This is where electrifying works. And also where it doesn’t. In a full electric car, you get this immense torque and throttle response, creating an almost ‘whiplash’ effect when nailing it. A BMW i3 even does it. Travel under 30, hit the electron pedal, and smash your passenger’s skull back into the head-restraint. But, electric cars have the disadvantage of gearing, being only a single speed. This righteous momentum cannot be maintained. Even a Tesla Model S  P-Whatever can’t maintain the acceleration it has to 60.  That’s why McLaren’s and such post trap speeds 10 MPH+ faster through a quarter mile, even if they’re identical time wise. Cars like that catch up quick after 60MPH.

So here’s why the i8 and it’s propulsion system works. By combining gas and electric, you get the best of both. That turbocharged engine’s problem of lag? Because the electric bit makes peak torque at zero RPM, and has instant response, there is none. Zilch. Even in a higher gear, say fourth at 30, foot the floor and it’s gone. And about electric motors running out of puff at higher speeds? The combustion engine keeps pulling hard so there is no real drop-off in the rate of acceleration. It keeps pulling and pulling. The six-speed auto ‘box also receives praise for it’s quick shifts and responsiveness, keeping the engine right in the power band to ride the wave of thrust.

Okay, it doesn’t have the zing and reward at the top end like that mentioned S54 gives, but for a modern, tiny turbocharged engine, it’s pretty damn good. It makes for a much more interesting driving experience than a just another humdrum appliance moving you. This is more like a hi-po microwave on the nuke setting.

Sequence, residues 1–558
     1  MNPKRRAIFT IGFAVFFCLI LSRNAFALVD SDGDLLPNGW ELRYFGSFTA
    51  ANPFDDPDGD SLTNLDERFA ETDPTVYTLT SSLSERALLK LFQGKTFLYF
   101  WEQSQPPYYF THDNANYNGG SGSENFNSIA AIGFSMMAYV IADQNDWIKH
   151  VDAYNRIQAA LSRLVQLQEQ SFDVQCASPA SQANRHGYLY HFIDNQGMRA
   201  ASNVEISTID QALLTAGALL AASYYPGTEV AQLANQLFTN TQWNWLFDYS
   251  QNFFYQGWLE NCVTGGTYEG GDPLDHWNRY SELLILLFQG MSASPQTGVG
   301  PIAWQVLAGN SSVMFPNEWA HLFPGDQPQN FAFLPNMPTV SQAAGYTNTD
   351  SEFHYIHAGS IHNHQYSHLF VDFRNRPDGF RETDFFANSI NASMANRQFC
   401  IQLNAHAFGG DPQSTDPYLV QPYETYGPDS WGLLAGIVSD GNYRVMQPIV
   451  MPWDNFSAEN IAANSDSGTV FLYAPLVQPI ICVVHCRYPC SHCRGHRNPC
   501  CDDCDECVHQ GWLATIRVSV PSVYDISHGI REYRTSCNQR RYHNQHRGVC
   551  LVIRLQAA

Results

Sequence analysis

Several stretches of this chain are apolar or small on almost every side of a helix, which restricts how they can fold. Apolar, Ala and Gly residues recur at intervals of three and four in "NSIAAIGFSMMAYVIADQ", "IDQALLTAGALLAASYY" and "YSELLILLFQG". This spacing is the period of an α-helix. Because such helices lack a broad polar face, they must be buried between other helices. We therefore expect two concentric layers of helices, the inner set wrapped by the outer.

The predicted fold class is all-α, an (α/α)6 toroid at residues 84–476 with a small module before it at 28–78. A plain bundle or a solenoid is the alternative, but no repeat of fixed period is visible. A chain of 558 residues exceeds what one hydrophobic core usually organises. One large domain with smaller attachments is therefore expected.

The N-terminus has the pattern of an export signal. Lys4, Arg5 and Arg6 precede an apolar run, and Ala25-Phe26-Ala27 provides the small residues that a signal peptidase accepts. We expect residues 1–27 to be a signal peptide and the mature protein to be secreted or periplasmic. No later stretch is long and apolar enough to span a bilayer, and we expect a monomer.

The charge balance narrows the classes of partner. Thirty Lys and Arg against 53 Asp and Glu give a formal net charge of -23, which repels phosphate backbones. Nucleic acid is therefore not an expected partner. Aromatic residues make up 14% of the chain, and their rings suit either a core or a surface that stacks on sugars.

Of course, I still prefer a high-revving naturally aspirated engine. But how many of those are left? Ferrari and Lamborghini discounted, there’s not many. As far as the new breed of small-capacity turbo engines go, this improves upon them. Let’s make it easy here: in the case of the i8, electrification improves the driving experience. Think of it as a bargain Porsche 918. They’re both hybrids, made of carbon, and four-wheel drive. One is a tenth of the price though.

So when I read rumors that the future M-cars will all be performance hybrids, I am welcoming the stage with open arms. If it’s done right, it’s exciting as heck. And I can’t imagine how much fun it’d be to, say, add 200 horsepower of electricity to BMW’s twin-turbo v8. I’m onboard with the notion of the performance hybrid. As long as they come with manual transmissions…

A whisper in the night… BMW NA brings us an i8 for us to look at.

Many thanks go out to Marcelo Sanchez and BMW NA for bringing by a BMW i8. BMW NA allowed members to get up close and personal with the new innovations that are coming for the future. The pictures do not do the car justice. Its hybrid drive-train means it arrives in silence but the ooohs and aaas that follow it are almost deafening. It’s supercar looks draw attention from everyone it passes, but then just that quickly the ghost disappears into the night thanks to its 357hp and 420ft-lbs of torque. You will not have to stop for gas often with it’s combined EPA rating of 76mpg, but when you do, be prepared for passers by to ask if they can get selfies with the car.